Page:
Secrets and Elitism in Eyes Wide Shut | Videographic Analysis

Following the multiscreen video is my videographic analysis of Eyes Wide Shut. This project was originally a compare and contrast with Roman Polanski’s Rosemary’s Baby, a film which featured notably similar plots and themes; however, after a period of copious experimenting, I realized that there would be scant time to investigate two films in-depth, opting instead to delve into the specificities of Eyes Wide Shut. To preface my analysis, for those with less familiarity, it must be understood that, as the final work of Stanley Kubrick, this film bears a unique standing in the filmmaker’s legacy. He is notorious for using odd imagery and unease; Eyes Wide Shut is no different. However, in my eyes, it employs many of his signature formal elements and motivational themes but also largely criticizes class and privileges of wealth. I was drawn to Eyes Wide Shut for this reason; while there are always arguments to be made about social commentary in his other works, I found that EWS did it particularly overtly; thus, it piqued my interest. This essay seeks to visualize aforementioned themes of division and control as they circulate within the film itself. I separated my analysis into statements and questions, providing structure, through text and audio, but encouraging individual interpretation. I found that a great challenge of this project was piercing together seemingly unrelated clips; the dreamlike quality of Eyes Wide Shut lends fairly little to continuity. As such, it was necessary to experiment with varied tracks and audio to combine the visuals of this film in a way that represented my interpretation of the emotions present. For me, piecing together segments of Erik Satie’s Gnossiennes together with the non/diegetic music within this film through was a method I thought would best lend to the persistent, eerie nature of watchfulness within.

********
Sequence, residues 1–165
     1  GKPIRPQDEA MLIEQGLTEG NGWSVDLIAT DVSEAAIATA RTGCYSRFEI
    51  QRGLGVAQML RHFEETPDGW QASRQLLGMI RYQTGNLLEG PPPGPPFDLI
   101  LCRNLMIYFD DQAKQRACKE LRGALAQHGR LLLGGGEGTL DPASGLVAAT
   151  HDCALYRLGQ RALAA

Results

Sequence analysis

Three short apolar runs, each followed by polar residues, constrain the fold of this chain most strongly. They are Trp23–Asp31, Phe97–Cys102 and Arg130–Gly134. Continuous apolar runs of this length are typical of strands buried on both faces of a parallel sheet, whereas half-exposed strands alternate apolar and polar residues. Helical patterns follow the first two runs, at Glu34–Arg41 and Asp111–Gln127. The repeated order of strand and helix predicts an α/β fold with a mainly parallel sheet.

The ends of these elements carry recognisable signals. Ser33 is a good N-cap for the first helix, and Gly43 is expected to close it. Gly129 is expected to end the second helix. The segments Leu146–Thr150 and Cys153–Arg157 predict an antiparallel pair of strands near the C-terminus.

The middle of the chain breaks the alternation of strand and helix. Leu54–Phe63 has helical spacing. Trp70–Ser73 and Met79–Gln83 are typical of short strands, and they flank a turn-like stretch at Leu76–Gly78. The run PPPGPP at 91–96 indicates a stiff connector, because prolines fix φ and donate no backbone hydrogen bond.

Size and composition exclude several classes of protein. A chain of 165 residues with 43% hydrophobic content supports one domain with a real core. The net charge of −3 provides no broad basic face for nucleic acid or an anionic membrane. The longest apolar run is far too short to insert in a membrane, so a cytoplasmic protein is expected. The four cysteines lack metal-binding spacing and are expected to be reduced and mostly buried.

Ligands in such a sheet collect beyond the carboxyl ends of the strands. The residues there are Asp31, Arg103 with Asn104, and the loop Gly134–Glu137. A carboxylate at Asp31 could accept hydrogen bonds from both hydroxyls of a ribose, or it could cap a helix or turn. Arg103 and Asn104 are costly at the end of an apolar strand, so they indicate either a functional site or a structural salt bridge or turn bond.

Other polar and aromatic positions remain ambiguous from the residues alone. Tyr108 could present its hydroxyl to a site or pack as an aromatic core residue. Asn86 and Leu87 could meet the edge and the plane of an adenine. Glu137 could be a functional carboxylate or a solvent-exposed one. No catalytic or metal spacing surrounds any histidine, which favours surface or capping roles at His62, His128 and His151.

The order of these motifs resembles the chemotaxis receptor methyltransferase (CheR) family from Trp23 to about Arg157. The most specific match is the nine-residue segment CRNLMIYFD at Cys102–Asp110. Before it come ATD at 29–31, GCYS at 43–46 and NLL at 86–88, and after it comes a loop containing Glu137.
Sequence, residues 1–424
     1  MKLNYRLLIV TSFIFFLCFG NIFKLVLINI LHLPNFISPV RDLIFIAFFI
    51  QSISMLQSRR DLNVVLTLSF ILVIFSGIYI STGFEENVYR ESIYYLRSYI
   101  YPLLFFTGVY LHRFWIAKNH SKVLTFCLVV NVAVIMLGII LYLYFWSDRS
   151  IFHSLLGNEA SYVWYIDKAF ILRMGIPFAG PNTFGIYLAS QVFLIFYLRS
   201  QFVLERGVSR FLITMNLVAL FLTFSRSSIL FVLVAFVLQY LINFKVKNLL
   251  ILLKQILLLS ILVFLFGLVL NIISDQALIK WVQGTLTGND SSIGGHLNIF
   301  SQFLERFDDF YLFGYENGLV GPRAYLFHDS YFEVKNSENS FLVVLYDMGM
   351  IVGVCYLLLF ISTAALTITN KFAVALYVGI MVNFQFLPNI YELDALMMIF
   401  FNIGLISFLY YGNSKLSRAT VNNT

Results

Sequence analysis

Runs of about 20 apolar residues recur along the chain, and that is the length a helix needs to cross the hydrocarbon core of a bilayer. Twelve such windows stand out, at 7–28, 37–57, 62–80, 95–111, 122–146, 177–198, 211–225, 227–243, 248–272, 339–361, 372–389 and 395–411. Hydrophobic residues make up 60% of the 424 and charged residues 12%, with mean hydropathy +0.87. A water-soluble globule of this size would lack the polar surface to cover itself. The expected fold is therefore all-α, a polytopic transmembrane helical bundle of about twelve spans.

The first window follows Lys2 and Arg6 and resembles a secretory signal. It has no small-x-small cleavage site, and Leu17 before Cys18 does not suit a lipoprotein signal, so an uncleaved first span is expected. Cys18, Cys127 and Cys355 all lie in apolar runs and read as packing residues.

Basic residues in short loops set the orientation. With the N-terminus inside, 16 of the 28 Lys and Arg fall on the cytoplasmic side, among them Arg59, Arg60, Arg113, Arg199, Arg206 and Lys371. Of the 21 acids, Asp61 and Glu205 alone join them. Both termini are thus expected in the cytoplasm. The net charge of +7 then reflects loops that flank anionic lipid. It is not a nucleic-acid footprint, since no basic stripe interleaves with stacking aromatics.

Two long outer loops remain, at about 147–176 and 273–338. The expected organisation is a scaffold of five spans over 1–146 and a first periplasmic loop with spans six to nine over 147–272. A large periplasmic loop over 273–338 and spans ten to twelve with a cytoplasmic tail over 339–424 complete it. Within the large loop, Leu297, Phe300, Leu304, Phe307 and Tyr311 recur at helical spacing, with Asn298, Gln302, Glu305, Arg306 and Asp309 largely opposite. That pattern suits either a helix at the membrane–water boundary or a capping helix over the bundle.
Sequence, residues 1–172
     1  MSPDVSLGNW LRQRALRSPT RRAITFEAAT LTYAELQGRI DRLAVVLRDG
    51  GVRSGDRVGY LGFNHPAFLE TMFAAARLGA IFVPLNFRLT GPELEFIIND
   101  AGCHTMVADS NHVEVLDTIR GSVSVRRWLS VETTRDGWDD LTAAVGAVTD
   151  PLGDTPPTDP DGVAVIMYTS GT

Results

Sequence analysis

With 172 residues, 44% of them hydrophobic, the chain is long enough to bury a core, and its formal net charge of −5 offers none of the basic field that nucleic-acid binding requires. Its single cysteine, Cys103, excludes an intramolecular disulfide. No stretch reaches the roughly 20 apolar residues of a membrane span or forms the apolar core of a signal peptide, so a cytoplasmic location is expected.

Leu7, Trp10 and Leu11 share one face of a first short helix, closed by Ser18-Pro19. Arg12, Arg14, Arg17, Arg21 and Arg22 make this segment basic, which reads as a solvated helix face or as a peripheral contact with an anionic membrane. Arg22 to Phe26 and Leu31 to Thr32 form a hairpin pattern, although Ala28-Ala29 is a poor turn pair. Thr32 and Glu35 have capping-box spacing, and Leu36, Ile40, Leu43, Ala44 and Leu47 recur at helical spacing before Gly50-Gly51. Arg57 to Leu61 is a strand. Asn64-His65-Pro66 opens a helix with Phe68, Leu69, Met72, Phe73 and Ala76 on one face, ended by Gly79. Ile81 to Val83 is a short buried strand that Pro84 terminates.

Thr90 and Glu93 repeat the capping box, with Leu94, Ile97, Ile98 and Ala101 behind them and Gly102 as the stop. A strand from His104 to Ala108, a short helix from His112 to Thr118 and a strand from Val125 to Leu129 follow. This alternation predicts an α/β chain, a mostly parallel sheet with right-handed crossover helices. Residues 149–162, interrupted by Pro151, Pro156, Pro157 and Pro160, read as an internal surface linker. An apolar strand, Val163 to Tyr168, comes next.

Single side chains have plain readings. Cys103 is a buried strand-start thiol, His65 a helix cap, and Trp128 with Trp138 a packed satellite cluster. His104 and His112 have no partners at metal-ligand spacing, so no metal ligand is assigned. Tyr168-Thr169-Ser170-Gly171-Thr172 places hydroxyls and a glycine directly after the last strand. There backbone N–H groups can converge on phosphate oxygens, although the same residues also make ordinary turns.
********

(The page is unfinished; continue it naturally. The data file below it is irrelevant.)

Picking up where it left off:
Roma in Analog | Response Essay

The final video of my portfolio is my response essay made with Roma, a beautiful film directed by Alfonso Cuaron shot in black and white. For starters, selecting an essay to respond to was probably the easiest part of this project. In forming my reply, I knew early on that Bucheli’s technique was intriguing and wanted to see how his methods of formal analysis could reflect on a different film. I would recommend watching his original video in full as well; separation into RGB color channels is entirely enjoyable in and of itself and the experience is disorienting (in only the good way). As for editing this effect onto Roma, I initially noted the drastically different tones that came as a result of differing subject matter. Roma and Vertigo, albeit two films which both deal with time and space, examine relationships in different ways. Thus, the high-tension emotional scenes in the respective movies are thus exacerbated differently as well. For instance, in this essay on Roma, the scene used was a critical and vulnerable moment of Cléo and the children, lost and desperate in the water. In contrast to Bucheli’s use of the famed embrace, the tension is drawn out in one continuous take. This is the chief juxtaposition, where time flows continuously in Roma, reflected in the effects of color and slowed-down space.